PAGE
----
Three in four Australians (73%) said they would get the COVID-19 vaccine and more than half (54%) said it should be mandatory for those aged over 18, a new Ipsos survey conducted in partnership with the World Economic Forum in 15 countries has found.
The survey points to a general uptick in COVID-19 vaccine intent across the world, compared to six weeks ago. In Australia there was a five point rise in those who said they would get the vaccine compared to December 2020.
The global survey of adults, on Ipsos’ Global Advisor online platform, also found:
- Widespread demand for getting vaccinated as soon as possible;
- A lack of consensus on whether the COVID-19 vaccine should be mandatory across countries; and
- Concern about the side effects and the speed of clinical trials to be the leading causes of vaccine hesitancy.
Read the World Economic Forum's article.
Key Australian findings
- Three in four (73%) agree they would get the vaccine if it were available to them, a 5-point increase from when Ipsos asked people between 17-20 December, 2020;
- More than half (56%) indicated they would get the vaccine within a month of it being available to them;
- Among those who suggest they are not willing to be vaccinated, the key concerns are that the vaccine is moving through clinical trials too fast (36%) and the side effects (31%);
- A little over half (54%) support mandatory vaccination for those over 18, with 35% opposing it.
Vaccination intent on the rise
Of all 15 countries surveyed, the United Kingdom shows the highest level of vaccination intent: Nine in 10 British adults (89%) who say they have not been vaccinated against COVID-19 agree they would get a vaccine if it were available.
Among the other countries, intent to take a COVID-19 vaccine is:
- Very high in Brazil (88%), China (85%), Mexico (85%), Italy (80%), Spain (80%), Canada (79%), and South Korea (78%);
- Fairly high in Australia (73%), the United States (71%), and Germany (68%);
- Middling in Japan (64%), South Africa (61%), and France (57%); and,
- Low in Russia (42%).
The percentage of those who strongly agree they will get vaccinated has increased in every one of the 15 countries since a similar survey was conducted December 17-20, 2020. At the time, many of the countries included in the study had not yet approved a vaccine.
- Since the last survey, the highest uptick in vaccine intent is seen in Italy and Spain (up by 28 percentage points to 54% who strongly agree in both countries), followed by the UK (up by 21 points to 67%), Brazil and Mexico (up by 20 points in both countries to 72% and 62%, respectively), France (up by 19 points to 31%), China (up by 17 points to 44%), and Canada (up by 16 points to 55%).
- The countries showing the smallest gains are Russia (up by 3 points to 17%), Australia (up 5 points to 43%), and South Africa (up by 6 points to 31%).
In 11 of the 15 countries surveyed, most of those who agree that they will get the vaccine say they plan to do so immediately or within one month once it is available to them:
- Four in five in Mexico (82%), Brazil (79%), and the UK (79%);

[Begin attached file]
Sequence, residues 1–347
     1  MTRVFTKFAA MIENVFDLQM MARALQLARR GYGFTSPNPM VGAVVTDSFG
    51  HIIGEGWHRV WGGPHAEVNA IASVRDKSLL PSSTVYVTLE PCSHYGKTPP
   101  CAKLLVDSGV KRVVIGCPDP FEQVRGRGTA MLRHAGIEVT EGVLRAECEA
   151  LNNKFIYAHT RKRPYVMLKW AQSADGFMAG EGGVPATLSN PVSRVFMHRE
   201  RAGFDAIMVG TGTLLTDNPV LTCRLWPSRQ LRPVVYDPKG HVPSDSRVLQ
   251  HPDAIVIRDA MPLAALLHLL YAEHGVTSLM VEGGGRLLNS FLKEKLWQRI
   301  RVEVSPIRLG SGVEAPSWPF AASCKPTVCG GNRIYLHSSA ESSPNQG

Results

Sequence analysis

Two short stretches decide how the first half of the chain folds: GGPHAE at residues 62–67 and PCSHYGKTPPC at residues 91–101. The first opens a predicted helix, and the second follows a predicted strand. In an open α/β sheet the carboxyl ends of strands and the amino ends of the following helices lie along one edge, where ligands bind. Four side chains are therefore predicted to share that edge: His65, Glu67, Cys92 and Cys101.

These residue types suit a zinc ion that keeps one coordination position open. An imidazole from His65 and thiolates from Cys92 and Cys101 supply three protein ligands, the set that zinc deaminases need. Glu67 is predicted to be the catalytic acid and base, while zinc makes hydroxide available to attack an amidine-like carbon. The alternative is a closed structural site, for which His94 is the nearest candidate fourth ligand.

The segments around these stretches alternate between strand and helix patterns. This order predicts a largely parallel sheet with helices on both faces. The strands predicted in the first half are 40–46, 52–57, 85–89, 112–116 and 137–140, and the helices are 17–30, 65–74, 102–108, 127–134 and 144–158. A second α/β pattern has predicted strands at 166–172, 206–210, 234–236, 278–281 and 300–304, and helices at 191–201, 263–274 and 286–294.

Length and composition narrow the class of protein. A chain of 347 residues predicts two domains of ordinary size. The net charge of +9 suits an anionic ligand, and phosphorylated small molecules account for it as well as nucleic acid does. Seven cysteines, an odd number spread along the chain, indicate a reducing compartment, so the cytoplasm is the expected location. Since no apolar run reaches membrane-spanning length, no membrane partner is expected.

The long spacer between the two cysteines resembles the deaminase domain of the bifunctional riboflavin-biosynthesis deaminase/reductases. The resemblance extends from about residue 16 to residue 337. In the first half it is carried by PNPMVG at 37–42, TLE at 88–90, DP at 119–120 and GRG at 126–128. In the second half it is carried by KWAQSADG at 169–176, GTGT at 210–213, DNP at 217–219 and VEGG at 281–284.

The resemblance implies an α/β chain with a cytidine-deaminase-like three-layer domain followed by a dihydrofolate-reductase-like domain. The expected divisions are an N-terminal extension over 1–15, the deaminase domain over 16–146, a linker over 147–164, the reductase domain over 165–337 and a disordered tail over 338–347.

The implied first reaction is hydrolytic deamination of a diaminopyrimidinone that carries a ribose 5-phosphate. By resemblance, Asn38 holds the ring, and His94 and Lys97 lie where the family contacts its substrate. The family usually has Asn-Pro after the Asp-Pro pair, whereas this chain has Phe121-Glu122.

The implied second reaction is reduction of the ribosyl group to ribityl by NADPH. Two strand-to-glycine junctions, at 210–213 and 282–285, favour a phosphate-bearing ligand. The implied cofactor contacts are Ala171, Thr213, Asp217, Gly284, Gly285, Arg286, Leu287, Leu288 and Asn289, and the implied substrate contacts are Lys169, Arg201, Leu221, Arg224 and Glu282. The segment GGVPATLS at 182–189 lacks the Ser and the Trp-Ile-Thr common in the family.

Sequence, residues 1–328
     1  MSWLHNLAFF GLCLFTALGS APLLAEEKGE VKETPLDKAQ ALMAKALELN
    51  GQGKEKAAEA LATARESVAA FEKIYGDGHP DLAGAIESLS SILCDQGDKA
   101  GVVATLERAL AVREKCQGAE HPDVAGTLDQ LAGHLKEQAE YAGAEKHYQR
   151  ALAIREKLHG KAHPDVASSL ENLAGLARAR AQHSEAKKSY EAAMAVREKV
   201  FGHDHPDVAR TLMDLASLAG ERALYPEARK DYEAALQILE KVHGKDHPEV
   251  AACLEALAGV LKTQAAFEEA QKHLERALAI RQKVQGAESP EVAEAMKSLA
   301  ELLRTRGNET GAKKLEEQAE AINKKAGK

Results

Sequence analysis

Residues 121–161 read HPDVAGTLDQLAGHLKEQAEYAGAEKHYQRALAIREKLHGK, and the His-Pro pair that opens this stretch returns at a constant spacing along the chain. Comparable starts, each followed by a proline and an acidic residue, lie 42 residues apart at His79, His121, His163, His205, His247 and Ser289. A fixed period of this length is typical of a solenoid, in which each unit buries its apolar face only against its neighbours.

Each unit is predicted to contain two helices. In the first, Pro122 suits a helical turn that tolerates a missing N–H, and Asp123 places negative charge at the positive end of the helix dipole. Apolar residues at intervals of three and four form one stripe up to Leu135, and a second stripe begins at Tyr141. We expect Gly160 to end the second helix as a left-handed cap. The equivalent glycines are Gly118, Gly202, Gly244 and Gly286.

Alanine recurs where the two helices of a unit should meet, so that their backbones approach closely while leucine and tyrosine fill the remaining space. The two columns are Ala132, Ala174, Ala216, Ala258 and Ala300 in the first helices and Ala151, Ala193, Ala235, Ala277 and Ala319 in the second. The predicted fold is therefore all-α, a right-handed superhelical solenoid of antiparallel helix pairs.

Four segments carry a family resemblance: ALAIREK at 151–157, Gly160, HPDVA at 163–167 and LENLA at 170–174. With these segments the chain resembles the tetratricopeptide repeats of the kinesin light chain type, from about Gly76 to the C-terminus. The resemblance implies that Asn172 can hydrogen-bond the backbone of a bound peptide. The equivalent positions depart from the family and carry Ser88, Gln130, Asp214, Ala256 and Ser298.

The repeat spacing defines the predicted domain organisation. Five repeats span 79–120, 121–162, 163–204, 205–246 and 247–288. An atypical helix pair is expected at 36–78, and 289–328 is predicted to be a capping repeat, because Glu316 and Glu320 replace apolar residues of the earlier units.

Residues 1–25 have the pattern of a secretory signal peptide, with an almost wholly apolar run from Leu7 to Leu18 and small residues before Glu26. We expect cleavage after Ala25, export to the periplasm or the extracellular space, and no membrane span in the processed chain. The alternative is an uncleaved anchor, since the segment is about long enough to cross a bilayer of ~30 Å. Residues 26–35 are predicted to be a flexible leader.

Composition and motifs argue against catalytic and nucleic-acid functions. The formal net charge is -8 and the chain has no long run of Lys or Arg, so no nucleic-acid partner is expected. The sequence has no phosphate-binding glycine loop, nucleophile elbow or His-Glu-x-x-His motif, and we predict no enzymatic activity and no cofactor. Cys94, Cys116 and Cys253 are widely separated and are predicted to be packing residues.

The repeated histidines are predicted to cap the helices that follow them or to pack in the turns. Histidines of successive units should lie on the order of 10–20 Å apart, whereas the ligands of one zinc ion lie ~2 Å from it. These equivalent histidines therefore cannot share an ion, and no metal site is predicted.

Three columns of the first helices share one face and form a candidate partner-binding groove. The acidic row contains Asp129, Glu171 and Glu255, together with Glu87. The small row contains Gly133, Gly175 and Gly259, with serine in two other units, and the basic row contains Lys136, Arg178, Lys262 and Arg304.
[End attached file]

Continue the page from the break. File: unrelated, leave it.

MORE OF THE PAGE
- About two in three in Spain (71%), the US (70%), Germany (68%), Canada (67%), and Italy (66%);
- Over half in France (59%), Australia (56%), and South Africa (55%); but
- Fewer than half in China (49%), Japan (39%), Russia (37%), and South Korea (28%).
Reasons for not taking a vaccine
In nearly every country, the two main reasons for COVID-19 vaccine hesitancy are concern about the side effects and the speed of the clinical trials.
- Between 25% (in Brazil) and 66% (in Japan) of those who say they would not take a COVID-19 vaccine mention being worried about the side effects.
- Between 14% (in Japan) to 51% (in Brazil) say they worry a vaccine is moving through clinical trials too fast.
- Between 5% in Japan and 18% in China think the risk they will get COVID-19 is too low.
- Between 4% (in South Korea and China) and 12% (in the UK) say they don’t think the vaccine will be effective.
- Between 1% in China and 11% in the US are against vaccines in general.
Support for mandatory COVID vaccination
Views about making COVID-19 vaccination mandatory vary across countries. Among the 14 countries where Ipsos measured opinion on making COVID-19 vaccination mandatory for anyone over the age of 18, the proposition is:
- Supported by an outright majority in nine countries (Mexico, Brazil, South Korea, Spain, China, Italy, Canada, the UK, and Australia);
- Opinion is relatively evenly split in three countries (Japan, the US and South Africa); and
- Opposed by an outright majority in two countries (Germany and France).
Ipsos Australia Director, Jessica Elgood, said: “The results from the latest Ipsos Global Advisor survey for the World Economic Forum show that the world is becoming more at ease with the prospect of having a vaccination for COVID-19. The proportion willing to be vaccinated is increasing.
“In certain countries – such as the UK, Brazil and Mexico – this is likely to be influenced by the current high caseload. But intent is also increasing in other countries with few COVID-19 cases, such as Australia, where there is growing appreciation of the need to vaccinate.
“There are still significant reservations for many people – particularly the speed of vaccine development and concern about side effects. Encouragingly, these are exactly the concerns the Federal Government advertising campaign is targeting, with messaging that the vaccines are safe and effective and meet ‘Australia’s high safety and quality standards’. It will be interesting to see whether the rapid roll-out of the vaccine overseas and soon in Australia allays these concerns among the Australian public.”